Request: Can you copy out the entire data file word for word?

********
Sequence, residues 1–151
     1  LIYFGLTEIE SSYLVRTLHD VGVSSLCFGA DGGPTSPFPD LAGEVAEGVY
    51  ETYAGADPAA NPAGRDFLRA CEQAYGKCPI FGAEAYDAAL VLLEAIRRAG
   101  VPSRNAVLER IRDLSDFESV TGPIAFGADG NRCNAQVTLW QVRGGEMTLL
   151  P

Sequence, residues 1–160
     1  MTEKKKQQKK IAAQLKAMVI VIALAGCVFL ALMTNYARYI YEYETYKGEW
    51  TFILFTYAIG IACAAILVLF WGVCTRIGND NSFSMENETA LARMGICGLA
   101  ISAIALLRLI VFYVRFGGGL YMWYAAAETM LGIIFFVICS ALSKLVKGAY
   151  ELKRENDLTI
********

Sequence, residues 1–151
     1  LIYFGLTEIE SSYLVRTLHD VGVSSLCFGA DGGPTSPFPD LAGEVAEGVY
    51  ETYAGADPAA NPAGRDFLRA CEQAYGKCPI FGAEAYDAAL VLLEAIRRAG
   101  VPSRNAVLER IRDLSDFESV TGPIAFGADG NRCNAQVTLW QVRGGEMTLL
   151  P

Sequence, residues 1–160
     1  MTEKKKQQKK IAAQLKAMVI VIALAGCVFL ALMTNYARYI YEYETYKGEW
    51  TFILFTYAIG IACAAILVLF WGVCTRIGND NSFSMENETA LARMGICGLA
   101  ISAIALLRLI VFYVRFGGGL YMWYAAAETM LGIIFFVICS ALSKLVKGAY
   151  ELKRENDLTI